No surprise here. The WSJ announced it was coming yesterday, and today Google publicly acknowledged that it has received subpoenas related to the Commission’s investigation. Amit Singhal of Google acknowledged the FTC subpoenas at the Google Public Policy Blog:
At Google, we’ve always focused on putting the user first. We aim to provide relevant answers as quickly as possible—and our product innovation and engineering talent have delivered results that users seem to like, in a world where the competition is only one click away. Still, we recognize that our success has led to greater scrutiny. Yesterday, we received formal notification from the U.S. Federal Trade Commission that it has begun a review of our business. We respect the FTC’s process and will be working with them (as we have with other agencies) over the coming months to answer questions about Google and our services.
It’s still unclear exactly what the FTC’s concerns are, but we’re clear about where we stand. Since the beginning, we have been guided by the idea that, if we focus on the user, all else will follow. No matter what you’re looking for—buying a movie ticket, finding the best burger nearby, or watching a royal wedding—we want to get you the information you want as quickly as possible. Sometimes the best result is a link to another website. Other times it’s a news article, sports score, stock quote, a video or a map.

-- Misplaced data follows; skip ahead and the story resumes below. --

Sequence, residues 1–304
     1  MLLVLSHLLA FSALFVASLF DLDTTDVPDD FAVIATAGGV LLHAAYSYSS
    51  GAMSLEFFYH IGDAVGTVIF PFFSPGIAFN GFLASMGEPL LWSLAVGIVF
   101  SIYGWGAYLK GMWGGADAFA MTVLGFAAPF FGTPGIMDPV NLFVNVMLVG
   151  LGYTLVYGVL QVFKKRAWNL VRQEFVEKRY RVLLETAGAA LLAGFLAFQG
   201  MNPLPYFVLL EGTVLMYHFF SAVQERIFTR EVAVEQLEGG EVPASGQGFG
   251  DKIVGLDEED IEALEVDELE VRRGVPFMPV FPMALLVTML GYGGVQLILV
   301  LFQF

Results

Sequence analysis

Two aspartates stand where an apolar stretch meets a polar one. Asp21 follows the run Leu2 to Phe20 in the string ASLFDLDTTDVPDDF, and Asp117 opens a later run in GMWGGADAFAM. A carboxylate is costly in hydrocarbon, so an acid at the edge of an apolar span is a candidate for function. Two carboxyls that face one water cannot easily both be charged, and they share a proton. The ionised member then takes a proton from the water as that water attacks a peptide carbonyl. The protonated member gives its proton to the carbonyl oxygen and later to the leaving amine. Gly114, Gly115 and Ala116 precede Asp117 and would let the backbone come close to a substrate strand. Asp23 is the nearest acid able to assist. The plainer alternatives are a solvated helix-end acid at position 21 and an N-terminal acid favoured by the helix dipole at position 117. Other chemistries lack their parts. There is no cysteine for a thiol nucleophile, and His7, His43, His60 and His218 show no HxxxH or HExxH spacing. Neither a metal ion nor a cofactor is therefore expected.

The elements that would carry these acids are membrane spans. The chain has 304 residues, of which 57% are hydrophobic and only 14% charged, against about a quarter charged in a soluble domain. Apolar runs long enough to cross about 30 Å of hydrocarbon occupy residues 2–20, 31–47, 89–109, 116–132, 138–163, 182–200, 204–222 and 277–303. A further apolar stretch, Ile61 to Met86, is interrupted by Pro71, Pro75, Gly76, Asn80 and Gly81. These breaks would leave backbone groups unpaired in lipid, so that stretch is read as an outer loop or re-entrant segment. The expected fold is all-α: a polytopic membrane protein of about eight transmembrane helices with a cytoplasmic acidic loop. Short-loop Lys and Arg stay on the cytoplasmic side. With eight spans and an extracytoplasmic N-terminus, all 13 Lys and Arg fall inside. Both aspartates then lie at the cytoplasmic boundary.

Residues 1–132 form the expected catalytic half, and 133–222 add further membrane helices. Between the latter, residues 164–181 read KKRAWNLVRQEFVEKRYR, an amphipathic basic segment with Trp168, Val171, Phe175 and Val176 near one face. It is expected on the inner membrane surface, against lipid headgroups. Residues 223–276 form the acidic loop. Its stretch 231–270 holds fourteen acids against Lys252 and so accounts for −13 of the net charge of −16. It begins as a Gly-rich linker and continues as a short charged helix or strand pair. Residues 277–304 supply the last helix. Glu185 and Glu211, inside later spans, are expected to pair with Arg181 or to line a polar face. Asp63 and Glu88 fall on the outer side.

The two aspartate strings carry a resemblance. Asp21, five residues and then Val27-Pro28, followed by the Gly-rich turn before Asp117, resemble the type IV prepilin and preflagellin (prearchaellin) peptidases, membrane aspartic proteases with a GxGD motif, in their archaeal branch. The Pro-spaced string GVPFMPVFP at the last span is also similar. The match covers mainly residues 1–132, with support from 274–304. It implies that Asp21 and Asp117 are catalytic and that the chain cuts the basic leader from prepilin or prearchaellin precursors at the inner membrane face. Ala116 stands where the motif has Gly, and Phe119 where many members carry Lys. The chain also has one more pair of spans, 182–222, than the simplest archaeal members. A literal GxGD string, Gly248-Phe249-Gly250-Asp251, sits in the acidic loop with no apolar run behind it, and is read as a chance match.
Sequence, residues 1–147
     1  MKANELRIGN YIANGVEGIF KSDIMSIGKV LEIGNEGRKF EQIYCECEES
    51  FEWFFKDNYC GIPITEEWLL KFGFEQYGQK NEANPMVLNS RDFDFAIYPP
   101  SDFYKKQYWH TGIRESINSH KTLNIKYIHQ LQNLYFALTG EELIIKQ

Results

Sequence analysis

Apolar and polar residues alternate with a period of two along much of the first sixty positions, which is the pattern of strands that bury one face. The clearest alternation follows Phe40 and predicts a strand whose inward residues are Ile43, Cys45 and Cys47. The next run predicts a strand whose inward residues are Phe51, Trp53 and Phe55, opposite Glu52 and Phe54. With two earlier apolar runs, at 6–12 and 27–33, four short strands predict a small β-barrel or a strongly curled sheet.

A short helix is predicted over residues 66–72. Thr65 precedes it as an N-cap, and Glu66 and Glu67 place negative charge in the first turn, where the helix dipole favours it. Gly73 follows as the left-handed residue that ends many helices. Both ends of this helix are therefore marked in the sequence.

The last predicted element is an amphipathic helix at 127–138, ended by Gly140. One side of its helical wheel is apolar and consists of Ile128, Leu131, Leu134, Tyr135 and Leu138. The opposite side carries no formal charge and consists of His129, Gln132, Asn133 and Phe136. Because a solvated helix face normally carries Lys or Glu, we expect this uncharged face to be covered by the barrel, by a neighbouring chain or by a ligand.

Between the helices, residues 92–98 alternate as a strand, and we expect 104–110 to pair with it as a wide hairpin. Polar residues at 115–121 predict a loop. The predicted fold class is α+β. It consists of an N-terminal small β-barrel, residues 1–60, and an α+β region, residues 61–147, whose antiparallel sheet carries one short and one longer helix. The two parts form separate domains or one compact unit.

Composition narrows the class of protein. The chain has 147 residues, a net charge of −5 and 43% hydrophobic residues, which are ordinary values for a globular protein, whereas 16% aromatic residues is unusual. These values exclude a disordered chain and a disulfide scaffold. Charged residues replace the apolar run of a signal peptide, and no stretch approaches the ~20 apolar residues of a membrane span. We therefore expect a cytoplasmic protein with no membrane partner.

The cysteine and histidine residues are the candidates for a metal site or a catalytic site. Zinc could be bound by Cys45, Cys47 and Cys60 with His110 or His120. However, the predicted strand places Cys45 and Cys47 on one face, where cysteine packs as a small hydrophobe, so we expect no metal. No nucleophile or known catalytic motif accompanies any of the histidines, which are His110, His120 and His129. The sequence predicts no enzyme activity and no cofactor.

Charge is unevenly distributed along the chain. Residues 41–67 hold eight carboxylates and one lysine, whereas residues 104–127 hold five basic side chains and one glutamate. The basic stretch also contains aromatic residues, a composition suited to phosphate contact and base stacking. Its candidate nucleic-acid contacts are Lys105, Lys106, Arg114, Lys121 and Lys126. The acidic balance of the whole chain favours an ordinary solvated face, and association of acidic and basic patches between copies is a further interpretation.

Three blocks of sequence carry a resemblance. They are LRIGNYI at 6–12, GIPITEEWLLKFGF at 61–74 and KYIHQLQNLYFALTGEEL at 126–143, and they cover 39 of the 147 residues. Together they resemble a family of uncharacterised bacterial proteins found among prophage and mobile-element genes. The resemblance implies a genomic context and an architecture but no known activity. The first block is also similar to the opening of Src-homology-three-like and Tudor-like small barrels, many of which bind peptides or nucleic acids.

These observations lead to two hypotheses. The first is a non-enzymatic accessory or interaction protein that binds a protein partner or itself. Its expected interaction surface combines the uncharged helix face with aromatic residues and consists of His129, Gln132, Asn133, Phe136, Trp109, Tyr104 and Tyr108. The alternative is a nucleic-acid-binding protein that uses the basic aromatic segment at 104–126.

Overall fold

It is too early to know the precise details of the FTC’s interest. However, We’ve been discussing various aspects of the investigation here at TOTM for the last year. Indeed, we’ve written two articles focused upon framing and evaluating a potential antitrust case against Google as well as the misguided attempts to use the antitrust laws to impose “search neutrality.” We’ve also written a number of blog posts on Google and antitrust (see here for an archive).
For now, until more details become available, it strikes us that the following points should be emphasized:
- For several reasons, the Federal Trade Commission’s investigation into Google’s business practices seems misguided from the perspective of competition policy directed toward protecting consumer welfare. We hope and expect that the agency will conclude its investigation quickly and without any enforcement action against the company. But it is important to note that this is merely an investigation–and at that, one that is not necessarily new. More importantly, it is not a full-fledged enforcement action, much less a successful one; and although such investigations are extraordinarily costly for their targets, there is not yet (and there may never be) even any allegation of liability inherent in an investigation.
- In any such case, the focus of concern must always be on consumer harm–not harm to certain competitors. This is a well known antitrust maxim, but it is certainly appropriately applied here. We are skeptical that consumer harm is present in this case, and our writings have explored this issue at length. In brief, Google of today is not the Microsoft of 1998, and the issues and circumstances that gave rise to liability in the Microsoft case are uniformly absent here.